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What determines the downstream evolution of turbidity currents?

Heerema, Catharina J.; Talling, Peter J.; Cartigny, Matthieu J.; Paull, Charles K.; Bailey, Lewis; Simmons, Stephen M.; Parsons, Daniel R.; Clare, Michael A.; Gwiazda, Roberto; Lundsten, Eve; Anderson, Krystle; Maier, Katherine L.; Xu, Jingping P.; Sumner, Esther J.; Rosenberger, Kurt; Gales, Jenny; McGann, Mary; Carter, Lionel; Pope, Edward


Catharina J. Heerema

Peter J. Talling

Matthieu J. Cartigny

Charles K. Paull

Lewis Bailey

Michael A. Clare

Roberto Gwiazda

Eve Lundsten

Krystle Anderson

Katherine L. Maier

Jingping P. Xu

Esther J. Sumner

Kurt Rosenberger

Jenny Gales

Mary McGann

Lionel Carter

Edward Pope


© 2019 Seabed sediment flows called turbidity currents form some of the largest sediment accumulations, deepest canyons and longest channel systems on Earth. Only rivers transport comparable sediment volumes over such large areas; but there are far fewer measurements from turbidity currents, ensuring they are much more poorly understood. Turbidity currents differ fundamentally from rivers, as turbidity currents are driven by the sediment that they suspend. Fast turbidity currents can pick up sediment, and self-accelerate (ignite); whilst slow flows deposit sediment and dissipate. Self-acceleration cannot continue indefinitely, and flows might reach a near-uniform state (autosuspension). Here we show how turbidity currents evolve using the first detailed measurements from multiple locations along their pathway, which come from Monterey Canyon offshore California. All flows initially ignite. Typically, initially-faster flows then achieve near-uniform velocities (autosuspension), whilst slower flows dissipate. Fractional increases in initial velocity favour much longer runout, and a new model explains this bifurcating behaviour. However, the only flow during less-stormy summer months is anomalous as it self-accelerated, which is perhaps due to erosion of surficial-mud layer mid-canyon. Turbidity current evolution is therefore highly sensitive to both initial velocities and seabed character.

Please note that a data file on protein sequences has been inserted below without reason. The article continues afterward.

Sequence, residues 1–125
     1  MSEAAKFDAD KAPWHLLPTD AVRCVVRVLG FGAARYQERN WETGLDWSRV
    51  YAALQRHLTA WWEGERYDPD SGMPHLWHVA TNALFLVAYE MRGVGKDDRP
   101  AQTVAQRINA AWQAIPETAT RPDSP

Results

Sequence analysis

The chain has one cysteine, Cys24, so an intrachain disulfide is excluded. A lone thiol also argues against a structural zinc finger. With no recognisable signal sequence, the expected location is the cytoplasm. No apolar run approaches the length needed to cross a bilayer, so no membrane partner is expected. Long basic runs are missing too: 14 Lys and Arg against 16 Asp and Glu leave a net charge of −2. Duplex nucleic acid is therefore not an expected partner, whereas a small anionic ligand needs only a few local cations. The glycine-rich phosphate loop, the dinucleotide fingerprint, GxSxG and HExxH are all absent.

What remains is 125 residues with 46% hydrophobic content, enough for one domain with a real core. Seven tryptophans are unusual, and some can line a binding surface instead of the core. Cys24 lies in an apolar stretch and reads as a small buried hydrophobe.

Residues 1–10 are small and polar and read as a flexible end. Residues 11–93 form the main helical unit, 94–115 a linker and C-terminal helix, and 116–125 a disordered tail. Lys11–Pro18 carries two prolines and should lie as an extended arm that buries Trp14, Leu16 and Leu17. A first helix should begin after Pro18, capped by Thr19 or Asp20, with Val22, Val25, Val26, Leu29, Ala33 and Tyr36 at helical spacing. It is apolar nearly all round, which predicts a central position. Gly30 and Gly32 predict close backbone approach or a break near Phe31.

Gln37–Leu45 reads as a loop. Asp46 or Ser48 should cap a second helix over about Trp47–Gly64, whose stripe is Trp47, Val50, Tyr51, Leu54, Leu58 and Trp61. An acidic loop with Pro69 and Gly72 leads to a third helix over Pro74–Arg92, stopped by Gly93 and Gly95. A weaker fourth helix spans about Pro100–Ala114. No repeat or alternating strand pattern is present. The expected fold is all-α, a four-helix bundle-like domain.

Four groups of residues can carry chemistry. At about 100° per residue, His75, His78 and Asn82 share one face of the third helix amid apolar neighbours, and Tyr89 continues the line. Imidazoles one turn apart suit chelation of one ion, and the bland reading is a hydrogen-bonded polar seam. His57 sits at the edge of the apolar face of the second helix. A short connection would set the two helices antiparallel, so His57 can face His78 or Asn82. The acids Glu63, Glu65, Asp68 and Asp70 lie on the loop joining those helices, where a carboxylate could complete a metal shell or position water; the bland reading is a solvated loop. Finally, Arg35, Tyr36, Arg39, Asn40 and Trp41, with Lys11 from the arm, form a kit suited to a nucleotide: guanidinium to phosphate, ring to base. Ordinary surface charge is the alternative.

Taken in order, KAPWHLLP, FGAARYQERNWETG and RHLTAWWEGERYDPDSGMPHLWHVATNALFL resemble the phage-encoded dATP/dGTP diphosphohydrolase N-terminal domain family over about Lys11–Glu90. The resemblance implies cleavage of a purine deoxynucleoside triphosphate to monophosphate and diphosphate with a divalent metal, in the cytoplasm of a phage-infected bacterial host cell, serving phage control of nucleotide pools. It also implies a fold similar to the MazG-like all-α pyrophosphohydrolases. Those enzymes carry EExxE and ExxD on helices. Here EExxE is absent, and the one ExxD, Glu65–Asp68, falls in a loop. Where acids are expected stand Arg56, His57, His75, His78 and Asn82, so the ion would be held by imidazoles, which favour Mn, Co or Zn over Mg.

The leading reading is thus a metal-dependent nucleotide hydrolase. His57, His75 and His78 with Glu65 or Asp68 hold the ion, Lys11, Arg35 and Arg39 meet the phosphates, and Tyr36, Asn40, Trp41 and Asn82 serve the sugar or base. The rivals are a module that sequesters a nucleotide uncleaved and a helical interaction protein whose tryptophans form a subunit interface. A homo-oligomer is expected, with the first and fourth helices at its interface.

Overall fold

Heerema, C. J., Talling, P. J., Cartigny, M. J., Paull, C. K., Bailey, L., Simmons, S. M., …Pope, E. (2020). What determines the downstream evolution of turbidity currents?. Earth and planetary science letters, 532,

Journal Article Type Article
Acceptance Date Dec 7, 2019
Online Publication Date Dec 19, 2019
Publication Date Feb 15, 2020
Deposit Date Jan 20, 2020
Publicly Available Date Jan 21, 2020
Journal Earth and Planetary Science Letters
Print ISSN 0012-821X
Electronic ISSN 0012-821X
Publisher Elsevier
Peer Reviewed Peer Reviewed
Volume 532
Article Number 116023
Keywords turbidity current; submarine canyon; ignition; dissipation; autosuspension; flow behaviour
Public URL


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